For years, astronomers have been puzzled by a bizarre object in the center of the Milky Way that was believed to be a hydrogen gas cloud headed toward our galaxy’s enormous black hole. Having studied it during its closest approach to the black hole this summer, UCLA astronomers believe that they have solved the riddle of the object widely known as G2.
A team led by Andrea Ghez, professor of physics and astronomy in the UCLA College, determined that G2 is most likely a pair of binary stars that had been orbiting the black hole in tandem and merged together into an extremely large star, cloaked in gas and dust—its movements choreographed by the black hole’s powerful gravitational field. The research is published today in the journal Astrophysical Journal Letters.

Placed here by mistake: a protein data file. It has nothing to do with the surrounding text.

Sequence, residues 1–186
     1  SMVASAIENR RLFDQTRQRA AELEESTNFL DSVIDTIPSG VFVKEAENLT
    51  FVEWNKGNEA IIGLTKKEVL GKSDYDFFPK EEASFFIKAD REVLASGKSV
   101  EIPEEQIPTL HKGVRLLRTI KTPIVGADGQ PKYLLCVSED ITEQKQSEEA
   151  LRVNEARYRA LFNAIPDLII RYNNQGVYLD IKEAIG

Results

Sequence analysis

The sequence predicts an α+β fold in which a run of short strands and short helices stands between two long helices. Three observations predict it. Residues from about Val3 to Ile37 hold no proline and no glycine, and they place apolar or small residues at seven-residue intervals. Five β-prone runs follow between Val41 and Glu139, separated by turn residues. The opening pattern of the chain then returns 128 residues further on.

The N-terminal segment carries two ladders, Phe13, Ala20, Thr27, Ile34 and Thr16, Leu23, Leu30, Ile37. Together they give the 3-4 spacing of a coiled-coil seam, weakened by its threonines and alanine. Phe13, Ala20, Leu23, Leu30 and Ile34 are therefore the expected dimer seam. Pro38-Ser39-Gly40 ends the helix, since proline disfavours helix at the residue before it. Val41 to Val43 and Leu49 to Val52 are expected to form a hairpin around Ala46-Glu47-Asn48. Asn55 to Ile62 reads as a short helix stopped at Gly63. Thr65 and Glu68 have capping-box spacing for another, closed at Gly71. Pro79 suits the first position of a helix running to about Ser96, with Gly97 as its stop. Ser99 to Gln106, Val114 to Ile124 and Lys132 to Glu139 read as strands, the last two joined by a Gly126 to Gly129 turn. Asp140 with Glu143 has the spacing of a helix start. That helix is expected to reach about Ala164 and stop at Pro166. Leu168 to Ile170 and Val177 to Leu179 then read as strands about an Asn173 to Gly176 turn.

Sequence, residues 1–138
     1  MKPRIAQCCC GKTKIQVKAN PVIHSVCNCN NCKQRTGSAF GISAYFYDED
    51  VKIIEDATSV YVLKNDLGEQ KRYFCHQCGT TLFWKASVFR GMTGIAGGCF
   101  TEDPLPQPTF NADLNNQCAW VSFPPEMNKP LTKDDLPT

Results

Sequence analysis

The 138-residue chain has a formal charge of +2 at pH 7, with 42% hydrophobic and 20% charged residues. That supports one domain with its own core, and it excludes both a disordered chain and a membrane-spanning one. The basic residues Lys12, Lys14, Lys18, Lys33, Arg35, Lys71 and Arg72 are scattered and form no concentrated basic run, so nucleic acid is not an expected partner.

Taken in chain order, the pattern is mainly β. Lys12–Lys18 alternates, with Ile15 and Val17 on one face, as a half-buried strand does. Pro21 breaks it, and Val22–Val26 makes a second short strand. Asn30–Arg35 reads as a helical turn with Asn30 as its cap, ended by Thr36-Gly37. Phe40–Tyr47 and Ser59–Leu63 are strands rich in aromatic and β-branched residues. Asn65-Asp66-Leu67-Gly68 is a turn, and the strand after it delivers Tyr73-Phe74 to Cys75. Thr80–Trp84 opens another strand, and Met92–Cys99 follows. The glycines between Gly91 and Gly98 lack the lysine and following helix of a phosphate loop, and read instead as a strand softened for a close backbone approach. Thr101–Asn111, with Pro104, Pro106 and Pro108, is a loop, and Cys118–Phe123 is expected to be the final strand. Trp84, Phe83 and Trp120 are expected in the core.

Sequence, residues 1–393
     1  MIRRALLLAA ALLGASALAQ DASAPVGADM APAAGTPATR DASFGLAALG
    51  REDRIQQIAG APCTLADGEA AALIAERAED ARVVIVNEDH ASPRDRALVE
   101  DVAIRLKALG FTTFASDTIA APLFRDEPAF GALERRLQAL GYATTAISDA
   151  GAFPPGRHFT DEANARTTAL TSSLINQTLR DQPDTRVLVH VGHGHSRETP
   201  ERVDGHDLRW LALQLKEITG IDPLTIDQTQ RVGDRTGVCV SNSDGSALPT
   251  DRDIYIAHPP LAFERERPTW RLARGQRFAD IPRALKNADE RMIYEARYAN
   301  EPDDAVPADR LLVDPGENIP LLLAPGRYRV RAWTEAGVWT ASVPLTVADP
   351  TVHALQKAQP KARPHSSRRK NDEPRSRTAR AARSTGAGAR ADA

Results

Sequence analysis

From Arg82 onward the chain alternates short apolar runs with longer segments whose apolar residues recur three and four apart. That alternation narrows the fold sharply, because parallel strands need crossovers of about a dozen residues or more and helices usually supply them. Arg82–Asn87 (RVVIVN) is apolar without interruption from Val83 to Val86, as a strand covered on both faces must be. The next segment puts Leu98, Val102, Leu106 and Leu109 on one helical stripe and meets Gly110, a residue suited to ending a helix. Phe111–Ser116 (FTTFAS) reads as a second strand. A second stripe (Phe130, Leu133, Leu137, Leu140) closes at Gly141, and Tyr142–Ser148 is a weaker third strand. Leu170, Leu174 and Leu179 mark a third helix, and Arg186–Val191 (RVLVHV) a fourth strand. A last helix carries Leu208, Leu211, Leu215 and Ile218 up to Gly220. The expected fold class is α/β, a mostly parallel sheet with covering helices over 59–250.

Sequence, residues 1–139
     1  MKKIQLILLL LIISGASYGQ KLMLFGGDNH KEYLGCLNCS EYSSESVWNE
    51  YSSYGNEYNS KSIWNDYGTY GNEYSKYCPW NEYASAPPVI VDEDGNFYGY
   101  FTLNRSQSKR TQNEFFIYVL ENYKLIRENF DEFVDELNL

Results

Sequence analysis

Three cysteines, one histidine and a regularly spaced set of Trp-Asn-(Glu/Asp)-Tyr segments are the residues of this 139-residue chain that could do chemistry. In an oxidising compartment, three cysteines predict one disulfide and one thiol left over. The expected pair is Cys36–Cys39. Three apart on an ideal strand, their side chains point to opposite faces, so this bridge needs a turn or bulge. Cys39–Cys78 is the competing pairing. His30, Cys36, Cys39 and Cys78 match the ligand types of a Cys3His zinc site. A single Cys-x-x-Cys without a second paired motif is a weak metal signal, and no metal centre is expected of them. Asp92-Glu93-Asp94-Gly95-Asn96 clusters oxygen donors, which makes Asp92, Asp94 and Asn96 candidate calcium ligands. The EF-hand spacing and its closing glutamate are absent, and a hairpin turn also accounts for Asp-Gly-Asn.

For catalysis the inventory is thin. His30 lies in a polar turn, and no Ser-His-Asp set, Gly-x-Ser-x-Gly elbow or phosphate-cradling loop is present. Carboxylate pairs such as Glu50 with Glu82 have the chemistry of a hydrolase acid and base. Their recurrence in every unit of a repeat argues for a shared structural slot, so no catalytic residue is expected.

Astronomers had figured that if G2 had been a hydrogen cloud, it could have been torn apart by the black hole, and that the resulting celestial fireworks would have dramatically changed the state of the black hole. Via Astronomers solve puzzle about bizarre object at the center of our galaxy.